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Shoulder: scene at center

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Reverse side: overview

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Main panel: scene at center

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Shoulder: elevated view at center

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Main panel: border at left

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Main panel: predella at center

Collection: Cleveland Museum of Art
Summary: Main panel: frontal quadriga flanked by two hoplitesShoulder: Theseus slaying the Cretan Minotaur with two youths and two maidens watching
Ware: Attic Black Figure
Painter: In the manner of the Antimenes Painter
Date: ca. 520 BC

h. 42.2 cm; d. of lip 24.7 cm; d. of base 15.5 cm; max. d. 29.7 cm, with handles 37.6 cm.

Primary Citation: Moon 1979, no. 61, pp. 106-107
Shape: Hydria
Beazley Number: 5188
Period: Late Archaic


Some minor plaster fill and some very minor in-painting.

Decoration Description:

Interior of neck and underside of lip well glazed; insides of side handles and portion of the vase body opposite are reserved.

Main panel: frontal quadriga flanked by two hoplites. A driver and warrior have already mounted the chariot whose horses appear alert and anxious. The faces of two hoplites-like the chariot itself-are shown frontally, a somewhat unusual feature at this time. The driver wears a fashionable headband and long robe which is traditional for the profession; he holds the reins and goad (kentron). The hoplite in the chariot carries two lances-reminiscent of heroic times-and wears a low-crested Corinthian helmet as does his companion standing to the right. The third wears the high-crested version. The "spectator" hoplites wear baldrics for sword and quiver, and carry lances and shields: device on the left a tripod, on the right, an octopus. Added red: chariot car, horses' manes and tails, tops of greaves, fillets, various bands on helmet-crests, folds of chitoniskoi, dot on shield of warrior on left; flair on bottom of breast plates and dot in their upper center. Added white: charioteer's robe, shield emblems (now faded). Shoulder: Theseus slaying the Cretan Minotaur with two youths and two maidens looking on. Theseus, his sword in hand, holds the Minotaur at arm's length; the monster defends himself with rocks. Added red: hair of nude youths, stripes on maidens' peploi and on Theseus' chiton and numerous dots on Minotaur's neck. Added white: women's flesh and Minotaur's rocks. Predella: two lions attack a doe while a stag grazes on either side. Added red: necks of animals and daubs on the haunch of the stag on the far right. A red band runs around the vase beneath the predella, and the hearts of the palmettes at either end of this little register are also red. Alternate red and black tongue-patterns at the base of neck; double palmette-lotus-chains frame the main panel on either side.

This exceptionally well-preserved hydria is among the finest vases of this painter who was named by Beazley after a love inscription on a hydria in Leyden (JHS 47 [1927] 63-92; ABV, 266, no. 1). Comparing aspects of the rendition of the warriors here, especially their frontal pose, with the warrior in the center of Side B on Psiax' red-figured eye-cup from the same museum, also shown frontally, one can readily understand why the Antimenes Painter was called by Beazley the "`Brother' of Psiax" (ABV, 266, with additional bibliography). The hands of the charioteer on this hydria, and the reins which he holds are beautifully incised and the care given these details is possibly unexampled in his extant vases. The human heads seen frontally are always rare in vase-painting and for the Antimenes Painter only one parallel comes to mind, the charioteer on a neck amphora from Vulci, now in the Royal Ontario Museum, Toronto 303 (ABV, 272, no. 100). In Attic vase-painting, perhaps the first painter to experiment with frontal depictions of quadrigas was the Gorgon Painter (Athens, Acr. 474: ABV, 8, no. 2), and in sculpture, contemporary with this Cleveland hydria, the pediments of the temple of Apollo at Delphi show Apollo, Artemis and Leto in frontal chariots. A vase by the Taleides Painter (Louvre CP 10655: CVA, France Louvre 11, pl. 138.4) in its composition may be something by way of prototype for the shoulder scene on this hydria but this is uncertain.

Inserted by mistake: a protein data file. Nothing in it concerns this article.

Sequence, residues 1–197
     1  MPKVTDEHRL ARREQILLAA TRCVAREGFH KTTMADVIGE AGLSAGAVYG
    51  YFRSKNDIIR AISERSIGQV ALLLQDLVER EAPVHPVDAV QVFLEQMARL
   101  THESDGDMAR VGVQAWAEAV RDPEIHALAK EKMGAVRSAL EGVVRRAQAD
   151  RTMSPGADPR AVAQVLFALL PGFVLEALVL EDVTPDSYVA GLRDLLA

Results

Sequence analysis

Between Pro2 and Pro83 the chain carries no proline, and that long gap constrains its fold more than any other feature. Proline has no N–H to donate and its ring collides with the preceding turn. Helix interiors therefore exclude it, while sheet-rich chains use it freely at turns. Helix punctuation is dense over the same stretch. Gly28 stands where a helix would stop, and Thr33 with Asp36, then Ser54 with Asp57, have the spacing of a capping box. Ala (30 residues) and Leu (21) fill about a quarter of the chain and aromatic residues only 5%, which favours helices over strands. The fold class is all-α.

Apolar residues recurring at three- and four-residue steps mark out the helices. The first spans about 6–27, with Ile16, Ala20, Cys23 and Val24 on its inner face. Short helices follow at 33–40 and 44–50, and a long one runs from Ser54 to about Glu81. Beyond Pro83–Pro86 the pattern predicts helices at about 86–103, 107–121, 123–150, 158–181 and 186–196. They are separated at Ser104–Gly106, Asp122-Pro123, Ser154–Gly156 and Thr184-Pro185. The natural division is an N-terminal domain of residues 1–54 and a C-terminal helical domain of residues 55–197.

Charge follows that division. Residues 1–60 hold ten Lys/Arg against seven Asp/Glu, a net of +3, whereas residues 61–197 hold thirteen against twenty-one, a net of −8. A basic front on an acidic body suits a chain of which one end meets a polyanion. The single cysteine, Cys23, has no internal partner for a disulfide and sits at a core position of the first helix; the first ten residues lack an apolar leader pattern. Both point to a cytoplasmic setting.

Like many of his contemporaries at the end of the sixth century B.C., the Antimenes Painter was influenced by the revolutionary new style of the red-figure vase-painters. Artists of this new style sought to depict human beings in more realistic and active poses, often foreshortening and twisting their bodies, and increasing their size and bulk. In addition to a few practitioners experimenting with space such as we see on this hydria, black-figure artists mostly responded to this impetus with increasingly more complex treatment of detail. Here the various incisions, the unusually delicate detail of the charioteer's hands, the more studied and faithful treatment of the chariot box, and the larger human and equine forms crowding the limited space, reflect these new red-figure innovations. Thus, the Cleveland hydria may evidence a loosening of the Antimenes Painter's style, and an added interest in filling space with unified, heavier compositions, which kept his black-figure pottery desirable for a clientele with a taste for the old-fashioned in a period of growing demand for red-figure.


Moon No. 61

Collection History:

Ex collection Tessin, Switzerland.

Sources Used:

Moon 1979, no. 61, pp. 106-107.

Other Bibliography:

Das Tier in der Antike Archäologischen Institut der Universität, Zürich (21 September-17 November 1974) no. 225; B. Kathman, "A Trio of Late Black-Figure Vase-Painters," CMA Bulletin 66 (February 1979) 49-54, figs. 1, 2 and 4.<